Saturday, July 29, 2023

#2,920. Ride the Pink Horse (1947) - Random Musings


Some of the most fascinating cinematic discoveries I’ve made the past few years have been film noirs (or is it films noir?). Nicholas Ray’s In a Lonely Place. Delmer Daves’ Dark Passage. Ace in the Hole by Billy Wilder, and the John Stahl technicolor marvel Leave Her to Heaven. And that’s not the half of it. There have been plenty of others, movies that opened my eyes to an entire era, a style of filmmaking and storytelling that, when done right, can be hypnotic.

And now I can add Ride the Pink Horse to this already impressive list.

Directed by and starring Robert Montgomery, Ride the Pink Horse opens with its lead character, Gagin (Montgomery), stepping off a bus into the small New Mexico town of San Pablo. A yearly festival, which draws large crowds to the area, is set to begin that very night, but this isn’t what’s brought Gagin to San Pablo. He is there to see Frank Hugo (Fred Clark). Gagin, a WWII veteran with a less-than-friendly demeanor, has something he thinks Hugo wants and might pay handsomely to get.

In short, Gagin intends to blackmail the powerful Hugo, who was a VIP in Washington during the war. FBI Agent Bill Retz (Art Smith) intercepts Gagin before his meeting with Hugo, and tells him that the feds have been building a case against Hugo for years. Without knowing the particulars of his visit, Retz tries to coerce Gagin into cooperating him, but to no avail. Not even Hugo’s pretty, seemingly sympathetic girlfriend Marjorie (Andrea King) can convince Gagin to leave well enough alone, or at least protect himself from Hugo’s hired guns.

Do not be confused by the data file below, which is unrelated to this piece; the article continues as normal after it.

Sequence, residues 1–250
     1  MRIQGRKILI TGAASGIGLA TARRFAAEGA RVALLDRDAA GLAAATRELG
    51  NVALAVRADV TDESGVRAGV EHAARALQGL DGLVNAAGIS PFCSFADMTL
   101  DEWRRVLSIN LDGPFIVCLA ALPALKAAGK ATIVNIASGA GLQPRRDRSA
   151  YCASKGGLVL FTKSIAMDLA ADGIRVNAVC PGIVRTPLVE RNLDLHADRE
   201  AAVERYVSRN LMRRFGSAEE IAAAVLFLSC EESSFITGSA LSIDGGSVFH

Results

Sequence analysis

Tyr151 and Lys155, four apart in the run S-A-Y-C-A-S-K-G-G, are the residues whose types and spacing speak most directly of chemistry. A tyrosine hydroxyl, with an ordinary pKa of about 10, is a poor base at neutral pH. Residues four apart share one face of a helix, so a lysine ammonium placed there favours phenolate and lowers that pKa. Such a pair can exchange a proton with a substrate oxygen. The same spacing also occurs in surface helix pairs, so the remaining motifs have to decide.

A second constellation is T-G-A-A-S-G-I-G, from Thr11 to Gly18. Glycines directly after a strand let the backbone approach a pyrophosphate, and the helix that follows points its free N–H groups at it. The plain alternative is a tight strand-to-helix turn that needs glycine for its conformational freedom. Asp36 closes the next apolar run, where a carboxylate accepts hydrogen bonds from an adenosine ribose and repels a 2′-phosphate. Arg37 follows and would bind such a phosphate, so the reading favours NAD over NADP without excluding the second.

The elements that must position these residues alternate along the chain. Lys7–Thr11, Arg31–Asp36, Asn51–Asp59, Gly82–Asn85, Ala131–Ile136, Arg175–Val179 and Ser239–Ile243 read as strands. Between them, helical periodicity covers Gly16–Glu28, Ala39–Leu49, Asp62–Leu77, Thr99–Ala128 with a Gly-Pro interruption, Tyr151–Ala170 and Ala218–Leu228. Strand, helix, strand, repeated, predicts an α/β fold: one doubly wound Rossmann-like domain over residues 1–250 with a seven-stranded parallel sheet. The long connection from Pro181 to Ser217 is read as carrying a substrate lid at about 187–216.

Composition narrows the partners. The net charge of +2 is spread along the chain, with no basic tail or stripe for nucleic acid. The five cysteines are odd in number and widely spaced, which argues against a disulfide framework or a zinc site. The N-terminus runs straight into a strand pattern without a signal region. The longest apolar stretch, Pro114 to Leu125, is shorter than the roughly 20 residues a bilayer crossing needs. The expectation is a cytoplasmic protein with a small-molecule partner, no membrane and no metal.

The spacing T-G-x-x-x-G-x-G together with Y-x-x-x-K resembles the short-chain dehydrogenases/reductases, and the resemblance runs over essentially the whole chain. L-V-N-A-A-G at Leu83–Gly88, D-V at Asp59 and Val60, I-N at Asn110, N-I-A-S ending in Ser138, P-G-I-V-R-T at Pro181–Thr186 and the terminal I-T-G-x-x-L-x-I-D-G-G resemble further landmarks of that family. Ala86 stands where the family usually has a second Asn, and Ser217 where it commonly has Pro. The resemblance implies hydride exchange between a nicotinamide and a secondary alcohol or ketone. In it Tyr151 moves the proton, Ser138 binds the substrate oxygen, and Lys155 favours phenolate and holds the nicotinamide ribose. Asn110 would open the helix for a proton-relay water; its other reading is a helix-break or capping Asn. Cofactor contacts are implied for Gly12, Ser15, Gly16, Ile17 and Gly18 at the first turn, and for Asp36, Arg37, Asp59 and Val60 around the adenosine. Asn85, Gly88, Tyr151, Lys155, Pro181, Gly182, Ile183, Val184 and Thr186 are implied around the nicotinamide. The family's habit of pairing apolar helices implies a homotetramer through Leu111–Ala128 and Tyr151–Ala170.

In fact, the only people who truly help Gagin out of a few tough spots are locals of San Pablo, including the young Pila (Wanda Hendrix), who sensed Gagin was in danger the moment she met him; and Pancho (Thomas Gomez), who operates a child’s merry-go-round and gives Gagin a place to stay when every hotel in town is booked solid.

And if he’s to have any chance of leaving San Pablo alive, Gagin may need even more help from his two new friends.

Montgomery delivers a solid performance as the cocky, no-nonsense Gagin, a guy we don’t particularly like in the first act. He is rude to Pila even when she helps him, and knocks out Hugo’s personal secretary Jonathan (Richard Gaines) when he tells the rude and obnoxious Gagin that Mr. Hugo is not in his hotel room, and that he cannot wait for him there. In the opening scenes, we aren’t even sure if Gagin is the hero or the villain of Ride the Pink Horse, and Montgomery’s approach to the role is what keeps us guessing.

But it’s Robert Montgomery’s work behind the camera that is even more spellbinding.

The film’s first scene, where Gagin arrives at the San Pablo bus depot, is an uninterrupted shot that runs for several minutes, in which we see him pull a gun from his luggage, place a piece of paper in a locker, then hide the locker’s key somewhere in the depot before walking out into the streets. The film will feature several flawlessly executed long takes, designed to either build the mystery (why is Gagin there?) or the tension (which becomes even more intense once we discover the reason for his visit).

Kudos also to both Hendrix and Gomez as the locals who do what they can to protect a stranger that, truth be told, didn’t give a damn about either one when he first met them. As for the story, it has enough twists and turns to keep us tuned in, and features one hell of a nerve-racking ending.

Ride the Pink Horse, like many of the film noirs (films noir) I mentioned above, is brilliant through and through. Don’t miss it.
Rating: 9.5 out of 10

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